Why I Didn’t Always Love Jesus

May 8, 2014

Church_clip_art_hightWhen I was three years old, I hid inside a closet and prayed to “ask Jesus into my heart”, as they say.  It’s probably my earliest memory.  By the time I was ten, I recognized that my conversion had not included a confession of my sin or a desire for forgiveness, so I sought salvation a second time out of a desire to be more “correct”.  However, looking back on my childhood, I firmly believe that God heard the prayer of that tiny girl in the closet.  Salvation doesn’t come from an impeccable grasp on soteriology.  It comes from God, opening a sinner’s eyes to their need for Him and hearing their humble prayer. Maybe I didn’t know exactly why I needed Jesus, at that tender age, but I knew that I needed Him in my heart.

From then on, I have called on the Lord, looked to the cross for my salvation, and known the Spirit to be working in my heart.

But for many years, I did not love Jesus.

Don’t get me wrong.  I loved God.  I wanted to serve Him and learn more about Him.  But Jesus?  For the second Person of the Triune God I felt very little interest, except being grateful for Him for dying for my sins.  I even avoided His given name as much as possible, preferring to call Him by less personal titles like “Christ” or “the Savior”.  To this day, the name “Jesus” does not roll very naturally off my lips…that wonderful Name above all names!

It makes my heart ache, because by now I have grown to truly know, and deeply love, and passionately adore Him above all others.

Why did it take me so long?

This week I came across a quote that stopped me in my tracks:

‘The Hobbit’ was written in what I should now regard as bad style, as if one were talking to children. There’s nothing my children loathed more. They taught me a lesson. Anything that in any way marked out ‘The Hobbit’ as for children instead of just for people, they disliked – instinctively. I did too, now that I think about it. All this ‘I won’t tell you any more, you think about it’ stuff. Oh no, they loathe it; it’s awful. Children aren’t a class. They are merely human beings at different stages of maturity. All of them have a human intelligence which even at its lowest is a pretty wonderful thing, and the entire world in front of them. – J.R.R. Tolkien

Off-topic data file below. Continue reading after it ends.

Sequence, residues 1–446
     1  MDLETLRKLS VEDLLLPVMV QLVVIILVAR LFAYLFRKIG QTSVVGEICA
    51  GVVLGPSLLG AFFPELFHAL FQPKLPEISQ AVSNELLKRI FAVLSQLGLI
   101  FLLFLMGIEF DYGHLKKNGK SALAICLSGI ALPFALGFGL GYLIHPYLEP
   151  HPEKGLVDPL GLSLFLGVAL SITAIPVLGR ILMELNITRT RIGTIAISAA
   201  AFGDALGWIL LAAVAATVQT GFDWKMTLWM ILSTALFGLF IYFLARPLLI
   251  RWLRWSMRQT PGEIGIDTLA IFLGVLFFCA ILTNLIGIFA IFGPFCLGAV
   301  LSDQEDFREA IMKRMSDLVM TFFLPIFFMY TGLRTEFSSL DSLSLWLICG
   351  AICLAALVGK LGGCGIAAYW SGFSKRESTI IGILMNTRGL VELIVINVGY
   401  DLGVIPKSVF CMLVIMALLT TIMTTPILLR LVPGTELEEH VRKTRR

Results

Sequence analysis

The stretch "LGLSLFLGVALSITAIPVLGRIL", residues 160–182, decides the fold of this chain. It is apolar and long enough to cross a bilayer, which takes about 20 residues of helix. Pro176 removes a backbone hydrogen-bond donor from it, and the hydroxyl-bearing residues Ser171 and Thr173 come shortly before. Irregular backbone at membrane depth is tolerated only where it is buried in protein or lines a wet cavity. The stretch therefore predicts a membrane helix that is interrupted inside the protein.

When I read that I was stunned.  Finally, I could put into words why I had snubbed Jesus for so many years.

Because it wasn’t actually JESUS I was trying to avoid!

It was Kid-Friendly Jesus.

The “Jesus Loves the Little Children” Jesus.  The cartoon Jesus with the silly grin.  The “do unto others” Jesus who only seemed to care about people being sugary-nice to each other.  He was boring, sappy, insipid.  Who would follow a Savior like that?

Apparently, people think that children will.

I disliked Jesus because He was the guy children were supposed to like.  We were supposed to sing exuberant praises to Him, while being taught lots about His niceness and little about His power.  While adults worshipped in “real” church, we went to kid-appropriate classes to have everything dumbed down for us.  We didn’t even pray to God the Father (like the true Jesus instructed us to pray).  We were taught to pray to “Dear Jesus”, as if God the Father was too busy to care for the prayers of babies, but Kid-Friendly Jesus would listen.  He was a Big Deal, but aside from, “He died for you!  And He LOVES you!  Isn’t that GREAT, kids?”, we were given few compelling reasons why we should be so excited about Him.  How did He love us? Sure, He did miracles long ago, but what did that have to do with us?

I’m not blaming any particular Sunday school teacher.  And certainly not my parents!  Much of my own personal attitude toward Christ came from my sinful nature, not developed entirely out of over-exposure to sappy caricatures of Him.  I don’t have clear memories of when Kid-Friendly Jesus was taught to me, or by whom.  It’s really an attitude and a feeling, a way of interacting with children that is church-wide and pervasive.

In mainstream Christianity, kids are often treated like a separate class of slightly-dumber people.  There are “Children’s Bibles” with bubbly illustrations and little mention of sin, full of moralistic lessons that kids need to learn.  There are “Children’s Worship Songs” that no Christian adult could stand to sing or listen to because they are silly, devoid of meaning, or poorly written.  Most big churches have “Children’s Church”.  I have even heard of some churches that won’t allow little ones into their “adult” services.  There is no place for them there.  No place for children!  I think the true Jesus would object.

Can you imagine if a church had a separate Old People’s Church?  Asian Church?  Women’s Church?  Church for Those with Disabilities?  What if these services were complete with badly-drawn illustrations to make sure everything was as obvious as possible, and songs designed specifically for that sub-category of humans?  It would be insulting and demeaning, and simply wrong.  I am thankful that in our own church family, all are welcome, young and old, to the public worship of God. This has been true of every church my family has been a part of, but is especially true in the Reformed churches we have joined since shifting away from Evangelicalism. In the first church where I grew up, children stayed for worship but left for the sermon until 5th-6th grade, and honestly I do understand that approach. Sermons are long and kids fidget and don’t always understand the whole thing. But I wonder what my life, thoughts, and spiritual walk would be like now, had I heard deep, serious, biblical sermons even from my young childhood. It might have radically shaped me! Personally I don’t remember becoming serious in my faith until I was of an age to sit in for the sermon – not what a young child likes to do, but so important. I’m glad my children have that blessing now.